9. Disadvantages of Real Estate Investments • Liquidity may be poor • It may be hard to sell the property (or your share of the property if a partnership) • Not a problem for REITs – buy/sell like a stock • Normally there is a lack of diversification • REITs & partnerships offer diversification • Passive tax shelter for real estate syndicates • Management or tenant problems • Property values can decline • Oh, yes, they can!

  10. Your Home as an Investment • A major asset of most households • Possible hedge against inflation • Traditionally, a home produces an after-inflation return of about 2.5 percent a year (San Diego?) • Tax advantages • $250,000 capital gains tax-free for single people • $500,000 capital gains tax-free for married folks • But it is a home first, an investment second • In my humble opinion…

  11. “But my house is the best investment I have ever made!” • “Of course, it is pretty much the only investment that I have ever made, • Except for that penny stock my brother-in-law, the ex-stockbroker, conned me into buying… • But that stuff is worthless now • And those gold coins I bought back when the first Gulf War started back in ’91 • What did I do with those things, anyway?” Bottom Line: A House is a Home First, an Investment Second

  12. “But what about San Diego?!” • Prices in San Diego have gone down in the past • They are going down as we speak • How far before we hit bottom, no one knows • But if you plan on staying here, by all means, buy whatever you can afford • San Ysidro and National City are two of the best values in the region, by the way • Imperial Beach is also a great beach value • But don’t expect what happened the past few years to repeat itself for quite some time…

  13. Sign seen over a desk in a San Diego office, circa 1993 “Please, God, let there be another real estate boom and I promise I won’t piss it all away this time!”

  14. The “Perfect Investment” • “C’mon, Paiano – Admit it! • Real estate is the ‘Perfect Investment’ • Look at what has happened in the past five years” • Beware the Permanent Trend(Andrew Tobias) • Real estate goes up and down in cycles • Ask those who bought in 1990 and sold in 1994 • And those who bought in early 2006 and are still trying to unload that “flipper condo” • But if you plan to hold for the long-term, you should do well • By the way, there is no “Perfect Investment” • Folks were saying the same things back in 1999 about stocks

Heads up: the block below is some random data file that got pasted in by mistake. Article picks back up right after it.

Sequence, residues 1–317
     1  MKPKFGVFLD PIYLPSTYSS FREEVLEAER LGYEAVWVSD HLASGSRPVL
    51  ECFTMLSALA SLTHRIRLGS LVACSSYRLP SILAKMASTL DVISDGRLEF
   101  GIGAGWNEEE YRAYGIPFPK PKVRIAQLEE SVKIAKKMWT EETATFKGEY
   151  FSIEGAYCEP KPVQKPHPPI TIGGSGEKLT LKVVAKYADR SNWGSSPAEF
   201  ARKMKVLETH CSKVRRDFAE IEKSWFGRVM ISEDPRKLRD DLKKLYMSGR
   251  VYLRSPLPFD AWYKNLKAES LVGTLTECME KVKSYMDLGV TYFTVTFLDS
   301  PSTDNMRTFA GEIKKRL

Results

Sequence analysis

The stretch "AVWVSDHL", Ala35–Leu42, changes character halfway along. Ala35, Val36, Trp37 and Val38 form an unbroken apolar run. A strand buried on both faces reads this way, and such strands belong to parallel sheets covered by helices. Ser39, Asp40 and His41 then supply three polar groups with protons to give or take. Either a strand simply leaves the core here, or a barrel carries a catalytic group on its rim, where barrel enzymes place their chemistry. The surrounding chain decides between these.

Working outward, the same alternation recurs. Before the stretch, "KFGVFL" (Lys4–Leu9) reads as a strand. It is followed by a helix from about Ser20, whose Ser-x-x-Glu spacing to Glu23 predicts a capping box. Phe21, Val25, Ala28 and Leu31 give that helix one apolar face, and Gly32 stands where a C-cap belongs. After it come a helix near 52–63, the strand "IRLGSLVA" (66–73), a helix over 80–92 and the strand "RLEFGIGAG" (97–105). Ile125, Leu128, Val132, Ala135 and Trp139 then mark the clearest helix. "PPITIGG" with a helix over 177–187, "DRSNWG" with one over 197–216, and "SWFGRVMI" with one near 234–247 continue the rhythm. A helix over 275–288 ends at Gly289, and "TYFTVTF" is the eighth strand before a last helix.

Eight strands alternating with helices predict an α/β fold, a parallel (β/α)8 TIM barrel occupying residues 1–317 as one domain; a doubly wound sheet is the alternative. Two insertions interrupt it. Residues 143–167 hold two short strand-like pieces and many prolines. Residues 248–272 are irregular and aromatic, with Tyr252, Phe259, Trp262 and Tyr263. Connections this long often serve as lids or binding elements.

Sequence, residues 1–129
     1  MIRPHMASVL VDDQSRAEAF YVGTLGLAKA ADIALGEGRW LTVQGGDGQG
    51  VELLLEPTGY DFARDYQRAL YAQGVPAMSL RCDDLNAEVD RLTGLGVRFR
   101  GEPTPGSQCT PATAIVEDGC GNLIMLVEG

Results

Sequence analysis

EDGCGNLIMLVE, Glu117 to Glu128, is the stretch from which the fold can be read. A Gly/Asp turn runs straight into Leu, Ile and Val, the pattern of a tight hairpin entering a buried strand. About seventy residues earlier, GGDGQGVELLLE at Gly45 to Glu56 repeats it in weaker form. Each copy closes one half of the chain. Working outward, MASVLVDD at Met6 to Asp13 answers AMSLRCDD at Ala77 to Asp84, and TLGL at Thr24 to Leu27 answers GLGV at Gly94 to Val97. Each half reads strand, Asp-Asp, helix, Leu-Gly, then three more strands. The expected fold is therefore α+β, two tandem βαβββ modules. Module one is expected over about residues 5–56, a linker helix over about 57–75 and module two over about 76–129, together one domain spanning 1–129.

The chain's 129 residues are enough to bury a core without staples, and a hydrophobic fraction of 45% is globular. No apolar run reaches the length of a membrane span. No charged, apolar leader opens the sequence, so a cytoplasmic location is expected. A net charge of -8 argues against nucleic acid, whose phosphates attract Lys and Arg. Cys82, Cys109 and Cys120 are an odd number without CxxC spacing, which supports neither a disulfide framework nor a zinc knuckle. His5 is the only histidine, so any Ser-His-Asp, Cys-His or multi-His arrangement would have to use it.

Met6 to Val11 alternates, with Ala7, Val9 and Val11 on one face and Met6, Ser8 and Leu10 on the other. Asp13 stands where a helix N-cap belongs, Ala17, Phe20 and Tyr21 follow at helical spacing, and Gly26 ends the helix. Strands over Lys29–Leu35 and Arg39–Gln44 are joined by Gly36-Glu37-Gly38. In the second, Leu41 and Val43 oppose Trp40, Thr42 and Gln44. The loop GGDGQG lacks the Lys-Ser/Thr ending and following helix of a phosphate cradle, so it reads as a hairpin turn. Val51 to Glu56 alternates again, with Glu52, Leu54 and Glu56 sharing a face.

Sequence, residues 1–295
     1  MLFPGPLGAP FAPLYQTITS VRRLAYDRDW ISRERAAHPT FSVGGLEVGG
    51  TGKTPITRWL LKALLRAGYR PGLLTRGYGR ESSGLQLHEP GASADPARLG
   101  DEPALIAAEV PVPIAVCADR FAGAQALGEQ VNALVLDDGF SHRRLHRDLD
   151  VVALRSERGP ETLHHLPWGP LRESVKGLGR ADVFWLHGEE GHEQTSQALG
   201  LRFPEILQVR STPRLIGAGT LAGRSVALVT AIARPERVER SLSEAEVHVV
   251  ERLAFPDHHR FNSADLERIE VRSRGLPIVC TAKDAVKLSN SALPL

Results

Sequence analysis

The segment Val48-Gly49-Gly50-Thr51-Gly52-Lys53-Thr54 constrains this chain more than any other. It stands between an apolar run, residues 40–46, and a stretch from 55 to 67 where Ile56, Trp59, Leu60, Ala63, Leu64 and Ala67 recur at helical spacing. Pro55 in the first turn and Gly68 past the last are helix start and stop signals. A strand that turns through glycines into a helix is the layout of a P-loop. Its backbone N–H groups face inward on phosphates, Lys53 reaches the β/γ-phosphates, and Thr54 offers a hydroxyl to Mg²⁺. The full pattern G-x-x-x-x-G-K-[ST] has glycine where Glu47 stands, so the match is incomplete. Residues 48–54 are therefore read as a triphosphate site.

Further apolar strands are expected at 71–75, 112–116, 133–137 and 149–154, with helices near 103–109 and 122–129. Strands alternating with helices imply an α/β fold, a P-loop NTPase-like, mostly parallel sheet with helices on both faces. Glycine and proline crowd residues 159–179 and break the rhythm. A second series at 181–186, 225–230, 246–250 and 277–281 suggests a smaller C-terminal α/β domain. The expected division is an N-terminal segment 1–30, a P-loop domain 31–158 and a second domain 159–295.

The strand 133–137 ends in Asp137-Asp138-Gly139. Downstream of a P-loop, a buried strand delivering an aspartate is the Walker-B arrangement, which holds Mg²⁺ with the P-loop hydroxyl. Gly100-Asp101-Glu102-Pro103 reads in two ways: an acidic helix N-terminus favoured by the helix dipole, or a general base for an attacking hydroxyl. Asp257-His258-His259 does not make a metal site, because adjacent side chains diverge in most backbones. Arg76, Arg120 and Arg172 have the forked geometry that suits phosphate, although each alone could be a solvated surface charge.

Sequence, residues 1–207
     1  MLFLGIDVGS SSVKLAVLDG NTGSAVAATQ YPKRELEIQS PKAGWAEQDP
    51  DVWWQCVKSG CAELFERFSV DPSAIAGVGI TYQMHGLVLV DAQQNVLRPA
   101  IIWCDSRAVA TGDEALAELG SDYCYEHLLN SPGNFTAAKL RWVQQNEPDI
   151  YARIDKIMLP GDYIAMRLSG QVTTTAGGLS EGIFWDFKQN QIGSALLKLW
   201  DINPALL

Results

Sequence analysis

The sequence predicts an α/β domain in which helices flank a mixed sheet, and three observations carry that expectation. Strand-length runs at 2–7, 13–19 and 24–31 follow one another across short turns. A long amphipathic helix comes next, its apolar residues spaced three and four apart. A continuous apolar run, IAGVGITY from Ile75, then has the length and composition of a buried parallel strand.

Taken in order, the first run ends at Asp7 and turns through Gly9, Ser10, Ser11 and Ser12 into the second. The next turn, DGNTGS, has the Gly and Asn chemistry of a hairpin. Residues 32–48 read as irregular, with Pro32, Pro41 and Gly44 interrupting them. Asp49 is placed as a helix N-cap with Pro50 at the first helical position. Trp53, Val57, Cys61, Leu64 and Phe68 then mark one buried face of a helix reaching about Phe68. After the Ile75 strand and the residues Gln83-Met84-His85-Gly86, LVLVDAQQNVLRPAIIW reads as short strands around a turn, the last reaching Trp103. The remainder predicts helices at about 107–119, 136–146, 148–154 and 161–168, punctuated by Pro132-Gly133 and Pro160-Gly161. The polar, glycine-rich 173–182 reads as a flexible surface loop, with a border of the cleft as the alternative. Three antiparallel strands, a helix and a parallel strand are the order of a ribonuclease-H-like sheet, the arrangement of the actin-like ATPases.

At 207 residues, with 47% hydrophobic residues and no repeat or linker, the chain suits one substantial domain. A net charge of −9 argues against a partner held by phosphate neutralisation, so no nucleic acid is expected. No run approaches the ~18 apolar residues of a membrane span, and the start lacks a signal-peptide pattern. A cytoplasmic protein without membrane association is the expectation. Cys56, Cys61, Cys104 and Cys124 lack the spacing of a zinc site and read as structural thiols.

15. The “Perfect Investment” (continued) • “But what about Leverage?! Huh? What about the ability to make money with other people’s money?” • We have already discussed leverage, haven’t we? • “But isn’t that what makes real estate such a great investment?” • Well, yes. But there are pitfalls. Just as with margining stocks, leveraging real estate magnifies your gains and magnifies your losses.

  16. Real Estate and Capital Gains • “Wait a minute. Did you say that there are no capital gains taxes on real estate?” • Currently, as the law stands now, as long as the real estate is your primary residence for 2 out of the last 5 years, you pay no capital gains on the first… • $250,000 if you are single • $500,000 if you are married • By the way, capital losses on your primary residence are not tax-deductible Example: Buy your home for $200,000. Sell it for $700,000. If you are married, then you pay no capital gains taxes!

  17. Speaking of Info-mercials • Have you seen the ads? • “Start your real estate empire with No Money Down!” • “You, too, can take advantage of the tremendous opportunities now in the wide-open Real Estate Foreclosure Market!” • “Just buy our Guaranteed, Sure-Fire Real Estate Investment Kit for $395” • “You will be on your way toward Riches beyond your Wildest Dreams!” No comment necessary.

  18. My Advice on Real Estate • Buy a house • Make it your home • After you have digested that purchase • Then look for some rental property • But learn as much as you can from folks who are already doing it • Maybe even work for a property manager for a spell to get the feel for what you will need to be able to do